(HealthDay)—Semaglutide is safe and effective for the treatment of type 2 diabetes, according to a review published online May 13 in Diabetes, Obesity and Metabolism.
Panagiotis Andreadis, M.D., from the Aristotle University of Thessaloniki in Greece, and colleagues conducted a systematic literature review to identify randomized controlled trials comparing semaglutide with placebo or other antidiabetic agents. The primary outcome was measured change in HbA1c from baseline.
Six placebo-controlled and seven active-controlled studies were identified. The researchers found that subcutaneous semaglutide (0.5 and 1 mg) reduced HbA1c by 1.01 percent (95 percent confidence interval [CI], 0.56 to 1.47) and 1.38 percent (95 percent CI, 1.05 to 1.70), respectively, compared to placebo. Compared to other antidiabetic agents (sitagliptin, exenatide, liraglutide, dulaglutide, and insulin glargine), both doses of semaglutide demonstrated superior glycemic efficacy. There was a beneficial effect on body weight (mean difference versus placebo −4.11 kg; 95 percent CI, −4.85 to −3.37 for semaglutide 1 mg) and systolic blood pressure with semaglutide. There was increased incidence of nausea, vomiting, and diarrhea with semaglutide. Compared to placebo, the odds ratio for diabetic retinopathy was 1.32 (95 percent CI, 0.98 to 1.77).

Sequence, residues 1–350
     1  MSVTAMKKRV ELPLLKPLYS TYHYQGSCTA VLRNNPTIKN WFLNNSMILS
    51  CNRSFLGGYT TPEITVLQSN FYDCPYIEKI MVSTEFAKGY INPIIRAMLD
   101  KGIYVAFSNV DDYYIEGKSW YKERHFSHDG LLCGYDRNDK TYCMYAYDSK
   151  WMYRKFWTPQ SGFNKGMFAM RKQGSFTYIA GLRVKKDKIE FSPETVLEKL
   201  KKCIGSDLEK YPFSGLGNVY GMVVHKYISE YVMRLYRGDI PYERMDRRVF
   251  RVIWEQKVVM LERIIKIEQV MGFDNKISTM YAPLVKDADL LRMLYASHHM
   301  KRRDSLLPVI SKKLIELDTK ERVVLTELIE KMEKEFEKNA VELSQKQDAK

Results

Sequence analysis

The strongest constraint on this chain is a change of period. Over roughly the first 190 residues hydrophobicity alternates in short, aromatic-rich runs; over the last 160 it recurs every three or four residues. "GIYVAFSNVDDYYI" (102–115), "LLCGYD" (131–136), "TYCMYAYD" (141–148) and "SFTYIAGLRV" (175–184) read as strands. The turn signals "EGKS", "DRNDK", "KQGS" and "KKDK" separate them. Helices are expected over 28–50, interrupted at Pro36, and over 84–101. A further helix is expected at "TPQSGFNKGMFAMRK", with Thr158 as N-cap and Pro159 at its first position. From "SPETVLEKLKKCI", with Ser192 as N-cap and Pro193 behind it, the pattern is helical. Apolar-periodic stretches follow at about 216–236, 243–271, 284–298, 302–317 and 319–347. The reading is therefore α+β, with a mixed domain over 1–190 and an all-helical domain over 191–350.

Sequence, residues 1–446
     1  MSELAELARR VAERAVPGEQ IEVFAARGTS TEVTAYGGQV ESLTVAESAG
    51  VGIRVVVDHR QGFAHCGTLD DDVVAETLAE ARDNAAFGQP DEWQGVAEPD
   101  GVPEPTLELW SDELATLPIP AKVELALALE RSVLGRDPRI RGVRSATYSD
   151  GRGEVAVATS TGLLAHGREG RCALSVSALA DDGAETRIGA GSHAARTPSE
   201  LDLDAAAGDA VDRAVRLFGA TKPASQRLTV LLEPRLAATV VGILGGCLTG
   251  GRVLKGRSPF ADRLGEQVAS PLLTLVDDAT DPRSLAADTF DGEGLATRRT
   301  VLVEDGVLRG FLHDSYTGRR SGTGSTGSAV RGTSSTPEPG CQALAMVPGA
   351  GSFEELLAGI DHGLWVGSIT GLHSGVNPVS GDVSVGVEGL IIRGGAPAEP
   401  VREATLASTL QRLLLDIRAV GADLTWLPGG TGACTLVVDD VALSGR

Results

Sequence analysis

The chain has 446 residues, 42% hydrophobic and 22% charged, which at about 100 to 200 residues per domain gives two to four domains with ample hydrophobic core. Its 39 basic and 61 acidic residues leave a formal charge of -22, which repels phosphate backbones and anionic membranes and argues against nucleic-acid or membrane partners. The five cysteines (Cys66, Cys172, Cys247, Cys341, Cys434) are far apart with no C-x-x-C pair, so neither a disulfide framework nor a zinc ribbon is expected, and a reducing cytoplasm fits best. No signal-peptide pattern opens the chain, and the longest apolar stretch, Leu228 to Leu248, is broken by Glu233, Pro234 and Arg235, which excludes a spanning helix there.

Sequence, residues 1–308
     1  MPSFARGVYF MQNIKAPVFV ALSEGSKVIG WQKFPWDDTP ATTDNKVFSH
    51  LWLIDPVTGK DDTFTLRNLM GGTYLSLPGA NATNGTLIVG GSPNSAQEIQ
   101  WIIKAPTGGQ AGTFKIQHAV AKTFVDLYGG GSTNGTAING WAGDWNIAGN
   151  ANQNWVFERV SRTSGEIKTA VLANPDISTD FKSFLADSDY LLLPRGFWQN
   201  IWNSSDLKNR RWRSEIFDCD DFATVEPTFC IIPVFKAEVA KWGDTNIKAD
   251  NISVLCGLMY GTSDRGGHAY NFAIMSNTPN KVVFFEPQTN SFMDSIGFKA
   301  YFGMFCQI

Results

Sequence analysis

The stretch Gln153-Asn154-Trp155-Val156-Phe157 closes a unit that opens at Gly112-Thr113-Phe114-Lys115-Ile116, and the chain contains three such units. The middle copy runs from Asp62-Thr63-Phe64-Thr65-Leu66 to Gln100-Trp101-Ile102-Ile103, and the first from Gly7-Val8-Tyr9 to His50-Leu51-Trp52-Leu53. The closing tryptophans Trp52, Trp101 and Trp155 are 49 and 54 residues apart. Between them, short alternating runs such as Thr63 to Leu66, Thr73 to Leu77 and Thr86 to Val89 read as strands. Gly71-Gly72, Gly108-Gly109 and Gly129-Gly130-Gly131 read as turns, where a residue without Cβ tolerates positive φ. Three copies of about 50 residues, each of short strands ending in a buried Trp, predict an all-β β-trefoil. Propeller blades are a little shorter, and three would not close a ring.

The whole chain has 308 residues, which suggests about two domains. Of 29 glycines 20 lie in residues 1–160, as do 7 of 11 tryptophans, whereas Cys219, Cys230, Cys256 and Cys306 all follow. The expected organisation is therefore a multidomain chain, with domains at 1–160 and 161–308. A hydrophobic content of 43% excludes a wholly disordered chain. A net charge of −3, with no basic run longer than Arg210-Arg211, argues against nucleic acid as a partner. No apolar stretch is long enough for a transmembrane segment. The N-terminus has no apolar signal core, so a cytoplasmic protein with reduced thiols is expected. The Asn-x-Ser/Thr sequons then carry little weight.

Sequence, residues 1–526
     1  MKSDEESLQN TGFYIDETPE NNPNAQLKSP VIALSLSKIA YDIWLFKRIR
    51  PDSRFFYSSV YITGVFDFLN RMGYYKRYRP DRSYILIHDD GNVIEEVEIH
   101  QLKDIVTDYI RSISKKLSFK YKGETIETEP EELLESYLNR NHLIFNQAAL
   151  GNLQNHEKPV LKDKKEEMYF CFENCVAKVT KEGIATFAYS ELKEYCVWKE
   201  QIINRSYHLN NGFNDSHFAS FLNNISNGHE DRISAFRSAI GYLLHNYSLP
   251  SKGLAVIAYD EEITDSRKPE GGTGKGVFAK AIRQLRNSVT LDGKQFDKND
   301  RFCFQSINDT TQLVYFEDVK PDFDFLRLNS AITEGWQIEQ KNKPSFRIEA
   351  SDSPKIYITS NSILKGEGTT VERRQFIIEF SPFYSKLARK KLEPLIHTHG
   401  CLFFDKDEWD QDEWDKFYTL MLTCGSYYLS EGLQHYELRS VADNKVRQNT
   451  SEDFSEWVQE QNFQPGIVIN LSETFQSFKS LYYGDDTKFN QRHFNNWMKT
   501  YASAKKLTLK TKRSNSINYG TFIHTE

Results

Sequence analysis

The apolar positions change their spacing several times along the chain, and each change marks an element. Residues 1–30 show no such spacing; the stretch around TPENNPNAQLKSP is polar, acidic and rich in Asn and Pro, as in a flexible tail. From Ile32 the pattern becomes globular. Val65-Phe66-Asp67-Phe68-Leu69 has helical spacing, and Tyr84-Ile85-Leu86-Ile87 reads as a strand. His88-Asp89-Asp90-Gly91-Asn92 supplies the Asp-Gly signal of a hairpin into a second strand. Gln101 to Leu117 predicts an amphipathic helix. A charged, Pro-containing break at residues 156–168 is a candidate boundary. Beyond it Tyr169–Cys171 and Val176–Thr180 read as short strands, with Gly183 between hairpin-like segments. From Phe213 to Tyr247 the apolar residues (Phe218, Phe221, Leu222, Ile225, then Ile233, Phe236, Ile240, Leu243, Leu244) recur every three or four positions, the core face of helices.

“Semaglutide is a potent once-weekly glucagon-like peptide 1 receptor agonist, reducing significantly HbA1c, body weight, and systolic blood pressure. However, it is associated with increased incidence of gastrointestinal adverse events,” the authors write.
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